16 Minutes #53 Anatomy of a Hack: SolarWinds and Ripples Beyond

    In this special “3x”-long episode of our (otherwise shortform) news analysis show 16 Minutes — past such 2-3X explainer episodes have covered section 230, Tiktok, GPT-3, the opioid crisis, more — we cover the SolarWinds hack, one of the largest (if not the largest!) publicly known hacks of all time… and the ripple effects are only now starting to be revealed. Just this week, the U.S. Cybersecurity and Infrastructure Security Agency shared (as reported in the Wall Street Journal) that approximately 30% of both private-sector and government victims linked to the hack had no direct connection to SolarWinds. So who was compromised, do they even know, can they even know?!

    Because this hack is a supply-chain compromise involving various third-party software and services all connected together in a “chain of chains”, the knock-on effects of it will be revealed (or not!) for years to come. So what do companies — whether large enterprise, mid-sized startup, or small business — do? What actually happened, and when does the timeline really begin? While first publicly revealed in December 2020 — we first covered the news in episode #49 here when it first broke, and there have been countless headlines since (about early known government agency victims, company investigations, other tool investigations, debates over who and how and so on) — the hack actually began not just a few months but years earlier, involving early tests, legit domains, and a very long game.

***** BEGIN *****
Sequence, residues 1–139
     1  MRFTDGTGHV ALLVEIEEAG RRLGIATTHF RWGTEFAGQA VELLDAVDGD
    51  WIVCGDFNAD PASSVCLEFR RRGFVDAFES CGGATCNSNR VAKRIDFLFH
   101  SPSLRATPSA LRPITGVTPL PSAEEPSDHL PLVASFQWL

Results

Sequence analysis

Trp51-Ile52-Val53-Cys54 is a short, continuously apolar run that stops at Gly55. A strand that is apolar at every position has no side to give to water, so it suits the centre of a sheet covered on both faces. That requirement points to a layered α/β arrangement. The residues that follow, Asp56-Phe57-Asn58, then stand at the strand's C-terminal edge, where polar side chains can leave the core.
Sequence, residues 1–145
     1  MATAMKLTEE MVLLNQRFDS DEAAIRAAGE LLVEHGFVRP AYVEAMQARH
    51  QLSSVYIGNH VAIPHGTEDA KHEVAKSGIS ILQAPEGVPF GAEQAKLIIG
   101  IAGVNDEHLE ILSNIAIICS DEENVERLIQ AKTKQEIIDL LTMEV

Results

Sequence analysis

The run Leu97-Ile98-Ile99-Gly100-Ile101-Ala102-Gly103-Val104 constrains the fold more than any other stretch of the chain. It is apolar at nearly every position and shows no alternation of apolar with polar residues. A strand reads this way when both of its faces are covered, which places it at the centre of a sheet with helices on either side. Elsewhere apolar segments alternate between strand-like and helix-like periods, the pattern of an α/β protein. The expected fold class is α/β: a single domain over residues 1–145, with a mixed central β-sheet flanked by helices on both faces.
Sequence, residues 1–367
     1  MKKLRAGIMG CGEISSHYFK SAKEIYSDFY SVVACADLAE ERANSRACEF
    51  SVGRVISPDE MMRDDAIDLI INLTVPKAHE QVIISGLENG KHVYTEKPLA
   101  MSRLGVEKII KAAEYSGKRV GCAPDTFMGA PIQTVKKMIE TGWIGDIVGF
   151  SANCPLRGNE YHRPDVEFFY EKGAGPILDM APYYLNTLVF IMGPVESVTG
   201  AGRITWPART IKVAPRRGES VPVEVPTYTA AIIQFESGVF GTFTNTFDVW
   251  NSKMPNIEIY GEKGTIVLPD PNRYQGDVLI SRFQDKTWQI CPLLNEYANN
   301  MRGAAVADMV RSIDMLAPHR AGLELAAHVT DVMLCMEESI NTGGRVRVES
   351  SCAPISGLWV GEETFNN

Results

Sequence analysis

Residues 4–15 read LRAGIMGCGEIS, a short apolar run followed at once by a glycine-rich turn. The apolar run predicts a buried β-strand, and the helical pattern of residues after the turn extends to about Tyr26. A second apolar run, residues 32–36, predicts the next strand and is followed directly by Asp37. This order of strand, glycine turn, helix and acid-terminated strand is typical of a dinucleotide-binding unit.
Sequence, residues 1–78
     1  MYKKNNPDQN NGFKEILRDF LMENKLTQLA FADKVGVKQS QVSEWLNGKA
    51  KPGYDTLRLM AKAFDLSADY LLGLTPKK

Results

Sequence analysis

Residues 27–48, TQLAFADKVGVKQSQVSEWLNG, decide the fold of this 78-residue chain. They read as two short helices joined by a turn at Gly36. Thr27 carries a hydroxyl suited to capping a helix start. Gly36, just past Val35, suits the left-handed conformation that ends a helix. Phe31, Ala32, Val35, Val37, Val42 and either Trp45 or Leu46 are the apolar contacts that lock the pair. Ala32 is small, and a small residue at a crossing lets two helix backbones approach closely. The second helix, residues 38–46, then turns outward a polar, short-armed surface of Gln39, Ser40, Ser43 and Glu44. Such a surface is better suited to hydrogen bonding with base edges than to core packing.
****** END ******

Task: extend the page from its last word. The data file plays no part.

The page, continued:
We help cut through the headline fatigue of it all, tease apart what’s hype/ what’s real, and do an “anatomy of a hack” step-by-step teardown — the who, what, where, when, how; from the chess moves to technical details — in an in-depth yet accessible way with Sonal Chokshi in conversation with a16z expert and former CSO Joel de la Garza and outside expert Steven Adair, founder and president of Volexity. The information security firm (which specializes in incident response, digital forensics/ memory analysis, network monitoring, and more) not only posted guidance for responding to such attacks, but also an analysis based on working three separate incidents involving the SolarWinds hackers. But how did they know it was the same group? And why was it not quite the perfect crime?

    image: Heliophysics Systems Observatory spacecraft characterize, in the highest cadence, the constant stream of particles exploding from the sun affect Earth, the planets, and beyond via NASA Goddard Space Flight Center / Flickr

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